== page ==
KSTEWART.NET Peakbagging page 2


Peakbagging continued...

A little more about the benefits of peak-bagging:  I don't think I ever would have gone bushwacking without pursuing the New England 100 highest.  I certainly never would have bushwacked the second time! Bushwacking is a skill and a discipline, an opportunity to seriously practice compass skills.

Peakbagging the NH 4000 footers in Winter almost forces me to learn how to backpack in winter. It just doesn't seem practical to hike the Bonds (Cliff, Bond, and West Bond) as a day hike. Garfield and Galehead were my first over-nighter in Winter, and I look forward to a few more overnight winter trips.

Some Links and Lessons learned:


Views From The Top for trail conditions

MountWashington.org for weather (higher summits forecast and trail conditions)

Weather.gov (Berlin, NH, etc.) and conditions usually turn out to be something in between the higher summits forecast and the nearest town in the valley.

Search forums at VFTT, and AMC for specific topics.

Mohamed Ellozy's site is da bomb!  with round trip book times for so many combination of peaks, i planned my life from this dude's site.

Bob and Geri's site has maps, photos and trail descriptions.

Winter resources - Boston chapter of the AMC is excellent.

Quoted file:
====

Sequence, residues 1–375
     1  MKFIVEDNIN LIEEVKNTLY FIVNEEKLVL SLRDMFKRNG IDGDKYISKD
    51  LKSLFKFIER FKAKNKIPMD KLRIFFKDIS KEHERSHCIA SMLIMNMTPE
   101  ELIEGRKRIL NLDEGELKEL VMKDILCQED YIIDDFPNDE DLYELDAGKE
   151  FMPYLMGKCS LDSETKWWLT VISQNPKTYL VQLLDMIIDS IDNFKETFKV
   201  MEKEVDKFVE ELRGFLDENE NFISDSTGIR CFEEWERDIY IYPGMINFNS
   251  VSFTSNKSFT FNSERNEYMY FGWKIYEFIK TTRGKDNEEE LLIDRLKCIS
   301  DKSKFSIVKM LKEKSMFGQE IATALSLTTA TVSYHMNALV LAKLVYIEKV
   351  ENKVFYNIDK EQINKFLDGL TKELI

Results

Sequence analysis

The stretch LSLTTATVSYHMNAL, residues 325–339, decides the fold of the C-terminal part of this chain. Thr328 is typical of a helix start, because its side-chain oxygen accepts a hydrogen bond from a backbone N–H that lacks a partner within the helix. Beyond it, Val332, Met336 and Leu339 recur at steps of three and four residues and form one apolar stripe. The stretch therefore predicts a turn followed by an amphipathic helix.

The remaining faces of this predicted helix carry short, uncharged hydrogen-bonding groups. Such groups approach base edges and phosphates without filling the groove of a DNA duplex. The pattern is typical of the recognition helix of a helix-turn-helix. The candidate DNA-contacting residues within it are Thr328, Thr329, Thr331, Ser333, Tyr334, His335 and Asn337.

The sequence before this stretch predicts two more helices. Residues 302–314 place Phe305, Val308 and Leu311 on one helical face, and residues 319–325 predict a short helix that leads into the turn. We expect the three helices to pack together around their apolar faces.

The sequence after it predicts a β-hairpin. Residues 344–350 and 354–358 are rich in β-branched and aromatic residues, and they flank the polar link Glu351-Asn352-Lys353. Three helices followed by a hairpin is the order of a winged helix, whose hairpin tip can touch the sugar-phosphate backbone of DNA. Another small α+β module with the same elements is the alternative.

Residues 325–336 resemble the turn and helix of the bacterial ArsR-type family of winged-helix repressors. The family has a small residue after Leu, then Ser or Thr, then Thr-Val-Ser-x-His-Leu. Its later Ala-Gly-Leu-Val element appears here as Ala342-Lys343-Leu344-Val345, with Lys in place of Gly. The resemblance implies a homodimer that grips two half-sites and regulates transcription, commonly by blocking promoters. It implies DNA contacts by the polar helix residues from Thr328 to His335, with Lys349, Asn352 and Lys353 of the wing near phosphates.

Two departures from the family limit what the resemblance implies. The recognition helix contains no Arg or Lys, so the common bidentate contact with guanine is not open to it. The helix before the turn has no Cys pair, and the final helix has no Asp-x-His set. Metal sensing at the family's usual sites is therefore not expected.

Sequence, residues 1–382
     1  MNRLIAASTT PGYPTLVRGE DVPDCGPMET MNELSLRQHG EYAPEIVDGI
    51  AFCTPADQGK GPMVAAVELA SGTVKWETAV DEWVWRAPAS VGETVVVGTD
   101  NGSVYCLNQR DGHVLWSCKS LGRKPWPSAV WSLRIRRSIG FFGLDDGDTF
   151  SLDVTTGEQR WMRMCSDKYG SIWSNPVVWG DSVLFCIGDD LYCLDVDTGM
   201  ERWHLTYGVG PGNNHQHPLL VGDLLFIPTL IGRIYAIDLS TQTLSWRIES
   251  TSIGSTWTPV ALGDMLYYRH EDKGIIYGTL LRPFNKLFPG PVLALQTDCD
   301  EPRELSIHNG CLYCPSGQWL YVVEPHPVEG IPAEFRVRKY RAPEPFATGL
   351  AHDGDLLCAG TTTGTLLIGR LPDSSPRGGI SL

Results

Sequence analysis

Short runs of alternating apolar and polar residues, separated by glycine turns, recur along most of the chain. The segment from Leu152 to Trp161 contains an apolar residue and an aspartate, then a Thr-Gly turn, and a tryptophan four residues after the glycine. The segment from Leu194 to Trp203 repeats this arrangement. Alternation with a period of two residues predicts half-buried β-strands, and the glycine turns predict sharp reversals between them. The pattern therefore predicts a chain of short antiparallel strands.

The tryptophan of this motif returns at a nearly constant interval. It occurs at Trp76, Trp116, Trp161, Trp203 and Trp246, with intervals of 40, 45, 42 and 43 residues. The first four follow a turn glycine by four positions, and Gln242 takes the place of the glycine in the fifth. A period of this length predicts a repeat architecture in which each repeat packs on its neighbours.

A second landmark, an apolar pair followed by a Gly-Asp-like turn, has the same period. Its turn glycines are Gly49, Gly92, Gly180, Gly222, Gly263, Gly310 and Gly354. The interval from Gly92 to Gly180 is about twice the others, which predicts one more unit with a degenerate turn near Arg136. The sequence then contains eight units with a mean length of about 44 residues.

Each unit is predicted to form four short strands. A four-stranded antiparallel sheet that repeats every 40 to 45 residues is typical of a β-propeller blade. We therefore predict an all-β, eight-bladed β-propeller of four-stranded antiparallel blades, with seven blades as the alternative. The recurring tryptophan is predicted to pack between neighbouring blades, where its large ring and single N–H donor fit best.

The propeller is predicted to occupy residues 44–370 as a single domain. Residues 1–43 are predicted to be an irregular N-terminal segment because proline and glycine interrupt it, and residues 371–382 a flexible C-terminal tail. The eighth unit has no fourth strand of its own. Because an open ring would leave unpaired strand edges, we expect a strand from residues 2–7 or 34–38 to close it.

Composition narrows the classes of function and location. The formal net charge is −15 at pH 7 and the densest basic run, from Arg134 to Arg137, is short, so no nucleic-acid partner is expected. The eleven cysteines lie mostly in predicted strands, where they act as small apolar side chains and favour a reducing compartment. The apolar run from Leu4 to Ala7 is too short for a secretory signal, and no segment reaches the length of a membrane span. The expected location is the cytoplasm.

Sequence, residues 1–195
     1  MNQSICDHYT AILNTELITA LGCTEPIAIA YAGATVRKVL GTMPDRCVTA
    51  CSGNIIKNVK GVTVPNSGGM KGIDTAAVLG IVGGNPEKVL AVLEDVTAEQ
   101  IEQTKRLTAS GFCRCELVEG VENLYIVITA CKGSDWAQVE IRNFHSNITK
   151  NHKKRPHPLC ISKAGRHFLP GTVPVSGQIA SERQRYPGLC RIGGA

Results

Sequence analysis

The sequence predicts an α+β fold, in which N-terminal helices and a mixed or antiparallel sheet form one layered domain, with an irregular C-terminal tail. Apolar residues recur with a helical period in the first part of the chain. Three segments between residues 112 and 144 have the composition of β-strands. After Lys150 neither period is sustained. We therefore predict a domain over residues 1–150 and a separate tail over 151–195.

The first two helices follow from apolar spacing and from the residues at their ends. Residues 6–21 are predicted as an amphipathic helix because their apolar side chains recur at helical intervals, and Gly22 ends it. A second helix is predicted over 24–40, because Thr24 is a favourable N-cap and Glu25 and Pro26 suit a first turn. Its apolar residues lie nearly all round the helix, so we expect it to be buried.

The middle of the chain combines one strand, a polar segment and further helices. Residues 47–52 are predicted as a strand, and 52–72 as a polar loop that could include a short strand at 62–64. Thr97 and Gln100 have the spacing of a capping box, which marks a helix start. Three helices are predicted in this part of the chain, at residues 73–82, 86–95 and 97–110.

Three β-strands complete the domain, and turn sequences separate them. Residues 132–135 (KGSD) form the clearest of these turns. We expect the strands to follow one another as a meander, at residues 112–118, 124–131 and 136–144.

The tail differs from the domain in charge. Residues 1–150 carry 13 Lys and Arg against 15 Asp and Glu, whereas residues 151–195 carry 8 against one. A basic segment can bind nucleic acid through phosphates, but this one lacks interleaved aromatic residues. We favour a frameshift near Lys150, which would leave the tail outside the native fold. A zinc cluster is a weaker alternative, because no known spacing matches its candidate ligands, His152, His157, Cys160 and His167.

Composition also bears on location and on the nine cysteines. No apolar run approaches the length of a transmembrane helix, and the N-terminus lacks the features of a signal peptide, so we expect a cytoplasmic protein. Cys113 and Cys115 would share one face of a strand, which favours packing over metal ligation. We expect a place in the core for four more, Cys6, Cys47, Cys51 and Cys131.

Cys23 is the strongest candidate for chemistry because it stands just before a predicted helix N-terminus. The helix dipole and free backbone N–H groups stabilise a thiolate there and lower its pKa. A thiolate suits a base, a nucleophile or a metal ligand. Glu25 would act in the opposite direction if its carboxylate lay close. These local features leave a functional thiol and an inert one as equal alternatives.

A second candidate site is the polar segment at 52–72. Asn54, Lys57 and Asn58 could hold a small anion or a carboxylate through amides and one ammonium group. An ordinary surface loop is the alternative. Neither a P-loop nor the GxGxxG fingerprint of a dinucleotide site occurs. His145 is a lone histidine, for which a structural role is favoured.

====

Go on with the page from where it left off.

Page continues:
Summitpost.org is awesome too! I've heard it's the most-read mountaineering website.

Strategies which have worked well so far:

Keep in mind that this is for peakbagging: I give myself the best chance of reaching the top and returning safely, every trip.  Peakbagging eventually becomes logistics, so one trip where I don't reach the top feels like it costs a valuable day.  On the other hand, losing fingers to frostbite, or worse sequelae of "Summit Lust" could cost a lot more.

I started small, and worked my way up.  I hiked almost all of the NH 4Ks in warm weather before doing any winter hikes.   And in winter, I started on shorter peaks protected from high winds by tree cover.  Then I tried exposed routes with company, usually people with more experience.

I read quite a bit, Freedom of the Hills (by The Mountaineers) stands out as the basic text of climbing.  (it covers way more than I've been able to practice yet!)  I hiked a few mountains.  Then I read some info on those internet forums.  Then I hiked some more.  I climbed with more experienced hikers and asked plenty of questions.  Now I basically repeat reading, hiking, reflecting, asking and more hiking.  There's always more to learn!

There are various factors that can be added on to a simple walk in the woods which make it more and more challenging:

longer hikes,





hiking alone,


wet rocks,

icy rocks,




blazes and cairns obliterated by snow,

ski-goggles fogging up (when your skin must be covered!),



When enough hazards accumulate, problems can compound each other, and they're no longer just a nuisance or a challenge, but perhaps enough danger to stop and turn around.

In winter I saved exposed routes (e.g. Lincoln-Lafeyette, Moosilauke, Presidentials) for days with better weather.  I slowly pushed my "envelope" of wind chill down.  I kept track of what clothing worked to keep me warm and dry, and continued to improve my layers.

Let other people do the work